(白土三平, real name Okamoto Noboru) was born in Tokyo in 1932. His father, Okamoto Toki, was a famous left-winger artist: his influence on his son's artistical and ideological development is clear and consistent.
Shirato's first approach to art began shortly after he concluded the secondary school, when he started to handle kamishibai
, a typical street-theatre where drawings on thick paper were showed while the narrator read a script. That kind of entertainment was very popular at the time, but all changed with the coming of Television. Having lost his audience, Shirato turned himself into a mangaka. His first productions were distributed through kashihon
market - that is to say, a system where books and mangas were rent, something very similar to libraries.
Since the beginning he enjoyed ninja stories. ninja are the undiscussed protagonists of his works, and - beside an ideological sympathy for those figures - they were very popular in the '50s, so no wonder. But Shirato's point of view on ninja world was sharply different from the common perspective used by movies and books because of its deep realism: there's no place left for magic or superhuman powers, neither the stress is upon sexual, erotic/pulp adventures, the reader instead will find an accurate reconstruction of medieval Japan with all its violence, wrath and cruelty. The use of the past in Shirato's work, anyway, is not only a meaningless historical divertissement
: beyond the mask of feudal times there's the face of modern Japan, so setting the stories in those far away days means pointing out how times haven't changed, and how many injustices and prevarications still survive in the present. Works like Ninja Bugeicho Kagemaru Den
were recognized as mirror of society, kind of Bible for large parts of young japanese population during the student demonstrations in the late '60s: in them, the pessimistic view of reality was tempered by the hope for a better future that one can obtain fighting firmly against a blind and ancient social system (in those days, students were protesting against the decision of the government to join an alliance with the USA). The cultural importance of such a title is confirmed by the cinematographical version by director Nagisa Oshima (known in western countries also as Band of Ninja
). As times passed by, as Shirato's perspective became more and more pessimistic, until the chimaera of a better future faded away: his characters are shown in an hopeless struggle were they are completely and sadly alone.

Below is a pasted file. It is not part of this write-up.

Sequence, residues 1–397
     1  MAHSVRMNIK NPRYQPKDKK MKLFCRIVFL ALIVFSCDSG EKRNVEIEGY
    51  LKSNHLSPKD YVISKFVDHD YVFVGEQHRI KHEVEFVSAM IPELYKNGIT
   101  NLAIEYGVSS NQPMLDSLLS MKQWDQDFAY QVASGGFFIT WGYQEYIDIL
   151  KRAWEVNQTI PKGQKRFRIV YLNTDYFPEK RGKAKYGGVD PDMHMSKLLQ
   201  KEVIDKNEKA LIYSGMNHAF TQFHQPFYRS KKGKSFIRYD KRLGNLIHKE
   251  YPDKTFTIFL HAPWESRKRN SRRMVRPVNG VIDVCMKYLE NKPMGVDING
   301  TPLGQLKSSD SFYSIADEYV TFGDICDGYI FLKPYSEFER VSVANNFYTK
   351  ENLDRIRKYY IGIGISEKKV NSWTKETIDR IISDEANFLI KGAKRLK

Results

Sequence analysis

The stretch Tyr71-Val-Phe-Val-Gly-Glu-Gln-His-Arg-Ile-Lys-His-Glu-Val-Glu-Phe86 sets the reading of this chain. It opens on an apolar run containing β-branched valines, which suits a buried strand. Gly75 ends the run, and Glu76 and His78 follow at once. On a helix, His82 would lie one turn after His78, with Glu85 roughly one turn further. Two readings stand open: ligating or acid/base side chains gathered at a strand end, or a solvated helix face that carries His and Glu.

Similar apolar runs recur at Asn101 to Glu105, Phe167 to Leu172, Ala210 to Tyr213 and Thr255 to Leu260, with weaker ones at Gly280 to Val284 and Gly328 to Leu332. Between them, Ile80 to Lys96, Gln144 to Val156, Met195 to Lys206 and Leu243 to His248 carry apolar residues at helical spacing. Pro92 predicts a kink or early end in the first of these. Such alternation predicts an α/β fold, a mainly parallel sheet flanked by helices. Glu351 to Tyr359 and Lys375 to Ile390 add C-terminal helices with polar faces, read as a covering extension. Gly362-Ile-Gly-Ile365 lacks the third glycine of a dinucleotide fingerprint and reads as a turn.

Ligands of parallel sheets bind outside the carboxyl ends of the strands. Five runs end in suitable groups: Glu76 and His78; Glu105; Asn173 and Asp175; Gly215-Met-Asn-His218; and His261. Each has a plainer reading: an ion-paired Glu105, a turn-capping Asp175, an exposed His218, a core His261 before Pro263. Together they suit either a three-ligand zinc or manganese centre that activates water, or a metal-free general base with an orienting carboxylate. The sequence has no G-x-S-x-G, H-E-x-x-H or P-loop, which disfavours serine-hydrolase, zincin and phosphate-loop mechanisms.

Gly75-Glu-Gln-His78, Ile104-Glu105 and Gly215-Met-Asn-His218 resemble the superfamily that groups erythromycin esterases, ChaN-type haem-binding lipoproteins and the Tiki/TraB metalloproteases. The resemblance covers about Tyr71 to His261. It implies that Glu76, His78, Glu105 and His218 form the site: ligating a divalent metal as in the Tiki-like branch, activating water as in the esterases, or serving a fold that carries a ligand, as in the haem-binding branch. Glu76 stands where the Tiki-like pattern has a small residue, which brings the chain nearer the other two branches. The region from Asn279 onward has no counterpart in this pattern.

Meanwhile, Shirato understood that the kashihon
market had too narrow boundaries, and that he needed to rely on publishers in order to obtain a wider distribution for his titles. He then began to work for Garo
, a monthly magazine which contained only selected stories (both relating to art and to the subject matter). Among those pages was first published the long and succesful saga of Kamui
. In addiction, Shirato drew up agreements with other publishers (most of all Shogakukan) which distributed titles like Sasuke
, Kaze no Ishimaru
and a lot of collections of short stories.
Shirato's style may appear rough or disturbing to an eye accustomed to the softer and simpler lines of commercial mangas, but it strikes for its vivacity and dynamism. His pages spread pure energy: Shirato is a master in creating the illusion of movement. Plus, considering the development of his technique through time, it is clear and undiscussed his bent for a more and more deep realism, and this realism pervades also his characters' lives and tempers.
His heroes are often anti-heroes, with weaknesses, dark sides and the 'fault' of fighting always for the losers' side. Many reflections focused on human cruelty, greed and pain, loneliness, honour, misery and happiness, but most of all can be resumed in the opposition between Justice and Unjustice. This strong sense of equity stays at the very basis of Shirato's poetics.